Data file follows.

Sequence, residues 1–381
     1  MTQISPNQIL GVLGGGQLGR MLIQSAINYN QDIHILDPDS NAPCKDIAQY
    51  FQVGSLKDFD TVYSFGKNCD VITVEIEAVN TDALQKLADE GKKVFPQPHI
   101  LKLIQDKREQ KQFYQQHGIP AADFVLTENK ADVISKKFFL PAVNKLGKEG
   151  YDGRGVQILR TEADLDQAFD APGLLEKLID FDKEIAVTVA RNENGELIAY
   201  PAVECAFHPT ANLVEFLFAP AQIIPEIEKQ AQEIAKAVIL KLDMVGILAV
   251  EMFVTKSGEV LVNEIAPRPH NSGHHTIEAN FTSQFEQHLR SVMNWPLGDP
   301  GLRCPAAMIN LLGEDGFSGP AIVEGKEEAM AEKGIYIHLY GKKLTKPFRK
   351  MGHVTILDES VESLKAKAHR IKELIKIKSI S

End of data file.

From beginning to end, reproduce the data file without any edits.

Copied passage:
Sequence, residues 1–381
     1  MTQISPNQIL GVLGGGQLGR MLIQSAINYN QDIHILDPDS NAPCKDIAQY
    51  FQVGSLKDFD TVYSFGKNCD VITVEIEAVN TDALQKLADE GKKVFPQPHI
   101  LKLIQDKREQ KQFYQQHGIP AADFVLTENK ADVISKKFFL PAVNKLGKEG
   151  YDGRGVQILR TEADLDQAFD APGLLEKLID FDKEIAVTVA RNENGELIAY
   201  PAVECAFHPT ANLVEFLFAP AQIIPEIEKQ AQEIAKAVIL KLDMVGILAV
   251  EMFVTKSGEV LVNEIAPRPH NSGHHTIEAN FTSQFEQHLR SVMNWPLGDP
   301  GLRCPAAMIN LLGEDGFSGP AIVEGKEEAM AEKGIYIHLY GKKLTKPFRK
   351  MGHVTILDES VESLKAKAHR IKELIKIKSI S